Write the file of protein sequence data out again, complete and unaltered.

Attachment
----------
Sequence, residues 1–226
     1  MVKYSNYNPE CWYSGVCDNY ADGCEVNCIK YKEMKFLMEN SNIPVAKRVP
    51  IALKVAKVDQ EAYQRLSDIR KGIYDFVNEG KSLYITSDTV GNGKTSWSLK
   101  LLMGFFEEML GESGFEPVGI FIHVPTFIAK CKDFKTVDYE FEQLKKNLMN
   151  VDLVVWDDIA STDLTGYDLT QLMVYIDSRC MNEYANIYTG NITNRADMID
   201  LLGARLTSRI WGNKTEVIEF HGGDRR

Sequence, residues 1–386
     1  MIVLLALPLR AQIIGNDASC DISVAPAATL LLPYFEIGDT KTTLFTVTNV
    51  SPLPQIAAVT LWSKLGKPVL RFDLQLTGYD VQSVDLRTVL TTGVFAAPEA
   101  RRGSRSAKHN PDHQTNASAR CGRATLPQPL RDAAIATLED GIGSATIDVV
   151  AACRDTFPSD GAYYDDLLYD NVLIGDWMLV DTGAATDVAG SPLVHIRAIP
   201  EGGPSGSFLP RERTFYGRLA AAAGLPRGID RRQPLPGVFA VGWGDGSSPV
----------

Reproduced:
Sequence, residues 1–226
     1  MVKYSNYNPE CWYSGVCDNY ADGCEVNCIK YKEMKFLMEN SNIPVAKRVP
    51  IALKVAKVDQ EAYQRLSDIR KGIYDFVNEG KSLYITSDTV GNGKTSWSLK
   101  LLMGFFEEML GESGFEPVGI FIHVPTFIAK CKDFKTVDYE FEQLKKNLMN
   151  VDLVVWDDIA STDLTGYDLT QLMVYIDSRC MNEYANIYTG NITNRADMID
   201  LLGARLTSRI WGNKTEVIEF HGGDRR

Sequence, residues 1–386
     1  MIVLLALPLR AQIIGNDASC DISVAPAATL LLPYFEIGDT KTTLFTVTNV
    51  SPLPQIAAVT LWSKLGKPVL RFDLQLTGYD VQSVDLRTVL TTGVFAAPEA
   101  RRGSRSAKHN PDHQTNASAR CGRATLPQPL RDAAIATLED GIGSATIDVV
   151  AACRDTFPSD GAYYDDLLYD NVLIGDWMLV DTGAATDVAG SPLVHIRAIP
   201  EGGPSGSFLP RERTFYGRLA AAAGLPRGID RRQPLPGVFA VGWGDGSSPV